China was left a serious impression on me. I was struck by just how many things we had in common, and the subtle (and serious) things that we did not. I was first impressed by just how prevalent technology was, especially for younger generations. Much like in the US, everyone had a cellphone, and what’s more, used cellphone payment services to make most of their purchases, leaving us tourists who used cash a near-relic. Another major difference was how different the housing stock was. I know that China is densely populated, and that Beijing is among the most populous cities on the planet, but I was still overwhelmed by massive apartments rising dozens of stories as far as the eye could see, in sets of half a dozen or more almost identical buildings. In the cities we traveled, I never once saw a single-family unit house. Despite that, I was actually impressed by how spread out Beijing was, I expected a nest of skyscrapers and fantastically dense sidewalks and highways. It was still very dense, and a significant amount of new vertical buildings pierced the sky, but the city was larger than I thought, but not quite so high. Perhaps the most significant difference I noticed was how unregimented street traffic was. There were no vehicle standards other than a max of 4 people to a taxi. There were motorbikes, rickshaws of all makes and models, mopeds, bikes, buses, and of course cars. Cars would aggressively merge and make rapid turns and coast near pedestrians, honking occaissionally, mostly to just avoid a collision. Despite it all, there were few wrecks, and I did not get a sense of anger or aggression in their driving.

 

Final Impression

China has helped open my eyes to just how different other nations can be in all sorts of ways, but also how much we have in common. Business in China is conducted more with the nation’s wellbeing in mind, rather than just the individual. Some independent thinking is apparent, we had a lecture of a professor opposing the high speed rail project the government was encouraging. However, on the whole, everyone is very much a supporter of the nation and their family. We saw a Yianjing Beer commercial that almost doubled as propaganda, as did a multi-floor exhibition of the CRCC. Another major example is the fact that the nation had all of its major factories turned off so the smog would not hinder a major international summit. The Chinese obviously want to make the best impression as possible, and are trying to balance more interaction with the world and their vested interest in state management. Another thing that struck me was how much American and Western culture in general influenced their dress, music, and shopping habits. Brands from Europe and the states were spelled in english letters, and not transliterated in to Mandarin, as were the names on the apparral of the youth in China. Many wore clothes English phrases on them, and we did not know whether they could read them or not. Additionally, many danced and listened to the same music American youth listened to. This extended to the general celebrity status Americans had, rightly or not. We were constantly asked if people could take pictures with us, even at impressive and photo-worthy national monuments. The college students seemed more active in general (we did not go into any dorms), as they could be seen strolling, walking around, or playing any number of sport games in the outdoor arenas throughout campus. It was interesting to see such a campus embedded so deeply and integrally to a city. Many of those on campus were not students. Overall, I think China is a major player in the world already, and will become more so as time goes one. The massive new cities built from nothing in just a few short years, the spectacular growth demonstrated on virtually every economic indicator, inclusion in the WTO and currency reserve basket with the IMF, among many other things tell me that China has a lot to offer the world, culturally, economically, politically, and socially, and this trip helped me to see that, and realize it is worth keeping track of the People’s Republic as time goes on.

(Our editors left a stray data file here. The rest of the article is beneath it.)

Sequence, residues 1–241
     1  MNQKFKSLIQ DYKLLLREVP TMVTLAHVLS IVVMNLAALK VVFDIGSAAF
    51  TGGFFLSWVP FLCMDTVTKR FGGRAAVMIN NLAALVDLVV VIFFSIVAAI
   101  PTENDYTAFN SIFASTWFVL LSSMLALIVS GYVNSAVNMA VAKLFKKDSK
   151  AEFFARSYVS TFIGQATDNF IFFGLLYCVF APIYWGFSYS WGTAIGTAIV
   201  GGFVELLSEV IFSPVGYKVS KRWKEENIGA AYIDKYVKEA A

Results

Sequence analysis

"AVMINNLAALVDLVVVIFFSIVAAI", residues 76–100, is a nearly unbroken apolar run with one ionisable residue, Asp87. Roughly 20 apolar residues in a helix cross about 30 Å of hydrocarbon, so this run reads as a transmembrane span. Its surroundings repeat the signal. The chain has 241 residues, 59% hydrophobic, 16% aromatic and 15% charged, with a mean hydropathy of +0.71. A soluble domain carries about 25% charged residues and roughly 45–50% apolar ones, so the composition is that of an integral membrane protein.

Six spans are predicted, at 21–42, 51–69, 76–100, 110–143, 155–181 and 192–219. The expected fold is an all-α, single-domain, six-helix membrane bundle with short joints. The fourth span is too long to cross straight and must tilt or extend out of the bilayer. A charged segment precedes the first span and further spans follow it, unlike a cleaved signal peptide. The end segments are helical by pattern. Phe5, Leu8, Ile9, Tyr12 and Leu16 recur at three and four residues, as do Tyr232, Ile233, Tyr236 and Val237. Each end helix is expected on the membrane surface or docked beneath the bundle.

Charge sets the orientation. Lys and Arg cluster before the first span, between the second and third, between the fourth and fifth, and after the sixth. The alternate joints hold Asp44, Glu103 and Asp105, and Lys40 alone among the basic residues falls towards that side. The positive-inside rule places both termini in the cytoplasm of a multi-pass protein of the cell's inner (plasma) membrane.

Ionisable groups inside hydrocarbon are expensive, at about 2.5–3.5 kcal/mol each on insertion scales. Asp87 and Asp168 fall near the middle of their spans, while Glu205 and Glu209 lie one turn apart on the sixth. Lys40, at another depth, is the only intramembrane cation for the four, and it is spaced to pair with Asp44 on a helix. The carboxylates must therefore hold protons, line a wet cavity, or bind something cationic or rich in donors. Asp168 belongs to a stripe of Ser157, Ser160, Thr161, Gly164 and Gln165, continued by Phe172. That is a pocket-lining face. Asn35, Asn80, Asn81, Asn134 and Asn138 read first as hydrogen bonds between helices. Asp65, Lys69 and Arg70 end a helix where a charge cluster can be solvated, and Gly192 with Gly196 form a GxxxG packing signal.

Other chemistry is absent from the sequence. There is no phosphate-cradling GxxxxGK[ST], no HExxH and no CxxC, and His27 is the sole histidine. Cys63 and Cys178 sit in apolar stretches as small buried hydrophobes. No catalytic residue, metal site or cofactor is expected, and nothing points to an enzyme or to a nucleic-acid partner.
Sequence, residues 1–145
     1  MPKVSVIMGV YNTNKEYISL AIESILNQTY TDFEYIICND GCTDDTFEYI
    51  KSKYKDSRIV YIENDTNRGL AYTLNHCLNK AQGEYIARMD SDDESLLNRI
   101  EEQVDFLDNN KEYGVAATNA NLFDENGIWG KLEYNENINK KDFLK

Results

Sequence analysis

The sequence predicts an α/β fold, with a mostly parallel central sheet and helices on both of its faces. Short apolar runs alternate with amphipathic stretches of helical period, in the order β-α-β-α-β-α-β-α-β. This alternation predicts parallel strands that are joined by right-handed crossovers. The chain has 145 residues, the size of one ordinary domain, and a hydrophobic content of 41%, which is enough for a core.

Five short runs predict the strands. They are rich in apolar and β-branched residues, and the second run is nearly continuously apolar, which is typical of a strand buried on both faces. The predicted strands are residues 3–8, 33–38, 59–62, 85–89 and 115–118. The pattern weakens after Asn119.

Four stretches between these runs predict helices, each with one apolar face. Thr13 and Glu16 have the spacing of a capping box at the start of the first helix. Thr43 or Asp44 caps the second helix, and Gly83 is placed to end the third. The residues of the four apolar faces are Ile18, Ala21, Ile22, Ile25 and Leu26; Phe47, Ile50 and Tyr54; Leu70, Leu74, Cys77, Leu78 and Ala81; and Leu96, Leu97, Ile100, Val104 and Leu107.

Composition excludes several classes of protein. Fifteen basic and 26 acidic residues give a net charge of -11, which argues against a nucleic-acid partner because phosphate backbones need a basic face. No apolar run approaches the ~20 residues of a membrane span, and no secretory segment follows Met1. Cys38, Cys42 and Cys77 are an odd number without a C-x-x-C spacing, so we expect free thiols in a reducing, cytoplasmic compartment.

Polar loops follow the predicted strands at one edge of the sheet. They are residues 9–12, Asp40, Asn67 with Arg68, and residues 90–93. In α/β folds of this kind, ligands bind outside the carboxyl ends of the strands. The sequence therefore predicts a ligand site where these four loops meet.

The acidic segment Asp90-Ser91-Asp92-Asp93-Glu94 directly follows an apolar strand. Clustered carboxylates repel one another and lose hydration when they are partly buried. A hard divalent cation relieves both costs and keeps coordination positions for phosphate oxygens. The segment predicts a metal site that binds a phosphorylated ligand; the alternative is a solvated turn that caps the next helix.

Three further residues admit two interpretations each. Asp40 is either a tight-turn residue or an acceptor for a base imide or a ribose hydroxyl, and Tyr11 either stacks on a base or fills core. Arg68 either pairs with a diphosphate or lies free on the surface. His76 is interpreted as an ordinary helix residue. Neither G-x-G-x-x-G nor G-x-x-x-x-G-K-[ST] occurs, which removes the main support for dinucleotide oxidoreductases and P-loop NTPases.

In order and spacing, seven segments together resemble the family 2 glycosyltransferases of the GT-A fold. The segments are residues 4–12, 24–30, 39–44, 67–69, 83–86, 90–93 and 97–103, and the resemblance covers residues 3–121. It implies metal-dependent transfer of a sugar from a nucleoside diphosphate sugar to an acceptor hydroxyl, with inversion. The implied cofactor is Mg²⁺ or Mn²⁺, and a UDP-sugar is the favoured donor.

Categories: 2017 Trip

Going into this trip to Beijing, it was hard to know what to expect. Traveling on a 15-hour flight with a group of students I barely knew and no cell phone (Air China forces you to leave your phone powered off for the entire duration of the flight) was definitely a nerve-racking experience. However, once we arrived in China many of these nerves quickly went away. Our group bonded as we were all fascinated by the cultural differences and how massive the city of Beijing is. The drivers are aggressive, there are high-rise apartment buildings everywhere, we were told to bargain for prices at various markets, and the language barrier was a real challenge.

Over our first few days we visited the Great Wall, walked through the Forbidden City, took a dragon boat ride at the Summer Palace, and ate a wonderful Peking Duck meal. These cultural experiences opened my eyes to the rich history of China and made me even more excited to see what the rest of the trip holds.

After some cultural experiences, we had the pleasure of visiting KPMG Beijing and the Yanjing Beer manufacturing facility. At KPMG, we were able to hear from Senior Manager Luke Treloar, an expatriate who told us about the future of the Chinese economy as well as his experience as an American living full time in Beijing. Yanjing gave us a great opportunity to see how a Chinese manufacturing facility is run and we even received samples!

This visit to China has been a tremendous experience so far and I can’t wait to see what the rest of this trip has in store for our group.